Stop for a minute and consider the hourly cost to your organisation for the people attending your meeting. You’ll realise that calling a meeting is expensive, so it’s important to ensure that every person attending and every minute of your meeting adds value. So don’t invite people who won't participate but will simply report back to their boss or team (sending a copy of the minutes will be a more effective way of achieving this). Equally, don’t use meetings to tell people things that could be communicated just as effectively as by email or memo. If you are the leader, work diligently to ensure everyone’s thoughts and ideas are heard by guiding he meeting so that there is a free flow of debate with no individual dominating and no extensive discussions between two people. As time dwindles for each item on the distributed agenda. You may find it useful to stop the discussion , then quickly summarise the debate on that agenda item and move on to the next item on the agenda. When an agenda item is resolved or action is agreed upon., make it clear who in the meeting will be responsible for this. In an effort to bypass confusion and misunderstandings, summarise the action to be taken and include this in the meeting’s minutes.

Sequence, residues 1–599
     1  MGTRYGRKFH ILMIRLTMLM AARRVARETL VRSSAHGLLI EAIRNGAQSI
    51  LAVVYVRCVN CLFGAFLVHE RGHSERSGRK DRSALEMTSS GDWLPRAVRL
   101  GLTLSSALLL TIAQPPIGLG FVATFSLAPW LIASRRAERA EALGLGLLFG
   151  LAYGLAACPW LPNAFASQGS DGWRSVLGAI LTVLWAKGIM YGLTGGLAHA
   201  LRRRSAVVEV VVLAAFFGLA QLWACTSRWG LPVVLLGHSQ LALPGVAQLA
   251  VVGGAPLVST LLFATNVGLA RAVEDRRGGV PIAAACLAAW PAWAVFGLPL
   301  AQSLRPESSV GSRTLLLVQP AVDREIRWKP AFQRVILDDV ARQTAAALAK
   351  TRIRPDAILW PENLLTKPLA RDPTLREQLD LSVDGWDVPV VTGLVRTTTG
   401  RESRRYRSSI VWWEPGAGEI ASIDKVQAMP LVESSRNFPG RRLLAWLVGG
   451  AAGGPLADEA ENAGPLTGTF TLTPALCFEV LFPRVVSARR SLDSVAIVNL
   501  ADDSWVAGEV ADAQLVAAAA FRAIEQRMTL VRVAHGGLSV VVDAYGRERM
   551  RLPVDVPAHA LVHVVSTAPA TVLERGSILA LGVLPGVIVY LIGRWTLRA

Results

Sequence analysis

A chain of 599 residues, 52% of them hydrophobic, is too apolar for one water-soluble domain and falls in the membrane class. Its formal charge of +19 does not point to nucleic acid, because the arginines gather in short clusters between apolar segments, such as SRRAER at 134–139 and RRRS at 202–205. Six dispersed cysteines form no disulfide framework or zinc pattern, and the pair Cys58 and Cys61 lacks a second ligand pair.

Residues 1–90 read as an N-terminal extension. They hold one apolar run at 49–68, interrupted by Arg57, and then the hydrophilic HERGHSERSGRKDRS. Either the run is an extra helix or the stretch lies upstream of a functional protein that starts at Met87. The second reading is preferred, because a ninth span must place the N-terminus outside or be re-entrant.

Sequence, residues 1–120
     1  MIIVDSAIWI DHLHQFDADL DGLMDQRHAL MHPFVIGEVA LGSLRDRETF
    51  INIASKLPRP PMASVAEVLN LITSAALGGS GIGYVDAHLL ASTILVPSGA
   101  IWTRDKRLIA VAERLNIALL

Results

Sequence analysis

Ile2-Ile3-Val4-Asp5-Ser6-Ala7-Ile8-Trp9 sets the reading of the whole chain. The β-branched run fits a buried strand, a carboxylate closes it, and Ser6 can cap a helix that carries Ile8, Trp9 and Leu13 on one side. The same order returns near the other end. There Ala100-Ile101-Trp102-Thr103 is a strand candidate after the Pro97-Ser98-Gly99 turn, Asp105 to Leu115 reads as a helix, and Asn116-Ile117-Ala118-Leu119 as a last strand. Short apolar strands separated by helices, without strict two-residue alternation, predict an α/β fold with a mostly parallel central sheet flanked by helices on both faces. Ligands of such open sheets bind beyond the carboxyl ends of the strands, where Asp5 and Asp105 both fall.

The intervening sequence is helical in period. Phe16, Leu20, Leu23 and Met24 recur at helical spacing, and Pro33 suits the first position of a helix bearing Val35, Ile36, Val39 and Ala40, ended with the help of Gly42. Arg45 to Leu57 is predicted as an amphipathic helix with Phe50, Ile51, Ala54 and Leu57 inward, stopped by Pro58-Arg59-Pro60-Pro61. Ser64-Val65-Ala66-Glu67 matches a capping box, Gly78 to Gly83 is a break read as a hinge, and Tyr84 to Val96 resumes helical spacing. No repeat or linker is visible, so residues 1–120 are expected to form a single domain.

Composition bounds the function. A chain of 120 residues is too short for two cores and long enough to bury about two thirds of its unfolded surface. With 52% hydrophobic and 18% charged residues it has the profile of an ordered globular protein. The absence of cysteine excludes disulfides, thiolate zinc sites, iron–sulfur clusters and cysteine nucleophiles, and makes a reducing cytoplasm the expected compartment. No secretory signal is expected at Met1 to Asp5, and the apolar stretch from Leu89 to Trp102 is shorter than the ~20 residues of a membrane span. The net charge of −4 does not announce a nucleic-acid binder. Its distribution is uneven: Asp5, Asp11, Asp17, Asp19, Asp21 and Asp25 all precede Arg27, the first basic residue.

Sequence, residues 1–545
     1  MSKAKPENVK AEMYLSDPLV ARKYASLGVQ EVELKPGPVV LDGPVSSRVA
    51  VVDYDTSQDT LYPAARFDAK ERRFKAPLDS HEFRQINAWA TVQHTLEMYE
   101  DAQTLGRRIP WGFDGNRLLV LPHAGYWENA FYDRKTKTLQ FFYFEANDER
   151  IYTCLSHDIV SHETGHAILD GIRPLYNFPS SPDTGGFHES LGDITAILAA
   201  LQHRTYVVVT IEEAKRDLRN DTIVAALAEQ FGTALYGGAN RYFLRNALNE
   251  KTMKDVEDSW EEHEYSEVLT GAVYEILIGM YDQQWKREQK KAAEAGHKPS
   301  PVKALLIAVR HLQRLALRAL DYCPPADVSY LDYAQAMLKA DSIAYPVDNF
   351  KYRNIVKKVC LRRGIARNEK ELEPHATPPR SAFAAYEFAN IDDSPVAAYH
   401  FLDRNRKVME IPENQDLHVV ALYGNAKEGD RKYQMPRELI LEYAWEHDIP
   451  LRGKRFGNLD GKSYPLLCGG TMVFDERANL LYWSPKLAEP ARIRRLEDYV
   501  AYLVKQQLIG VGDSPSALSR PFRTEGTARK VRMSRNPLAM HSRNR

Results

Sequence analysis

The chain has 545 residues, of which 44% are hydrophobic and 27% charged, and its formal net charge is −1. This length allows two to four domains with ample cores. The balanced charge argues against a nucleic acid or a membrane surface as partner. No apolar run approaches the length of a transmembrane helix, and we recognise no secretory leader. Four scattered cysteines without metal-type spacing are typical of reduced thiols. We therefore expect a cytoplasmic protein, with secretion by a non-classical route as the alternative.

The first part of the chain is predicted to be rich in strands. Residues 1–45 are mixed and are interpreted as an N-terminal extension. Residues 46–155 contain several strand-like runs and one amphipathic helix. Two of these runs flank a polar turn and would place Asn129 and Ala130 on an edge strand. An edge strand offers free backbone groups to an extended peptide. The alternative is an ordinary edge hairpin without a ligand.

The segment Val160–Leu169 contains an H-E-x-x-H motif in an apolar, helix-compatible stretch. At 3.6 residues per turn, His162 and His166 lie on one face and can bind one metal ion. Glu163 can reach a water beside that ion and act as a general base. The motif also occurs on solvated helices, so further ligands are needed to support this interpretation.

Meetings are notorious for eating up people’s time. Here are some ways of ensuring that time is not wasted in meetings: Start on time Don’t recap what you’ve covered if someone comes in late; doing so sends the message that it is OK to be late for meetings and it wastes everyone else’s valuable time State a finish time for the meeting and don’t over run. To help
Minutes record the decisions of the meeting and the actions agree, They provide a record of the meeting and importantly, they provide a review document for use at the next meeting so that progress can be measured – this makes them a useful disciplining technique as individuals’ performance and non-performance of agreed actions is given high visibility. The style of the minutes issued depends on the circumstances – in situations of critical importance and where the record is important, you may need to take detailed minutes. Where this is not the case, then minutes can be simple lists of decisions made and of actions to be taken (with the responsible person identified). Generally, they should be as short as possible as long as all key information is shown – this makes them quick and easy to prepare and digest. It is always impressive if the leader of a meeting issues minutes within 24 hours of the end of the meeting – it’s even better if they are issued on the same day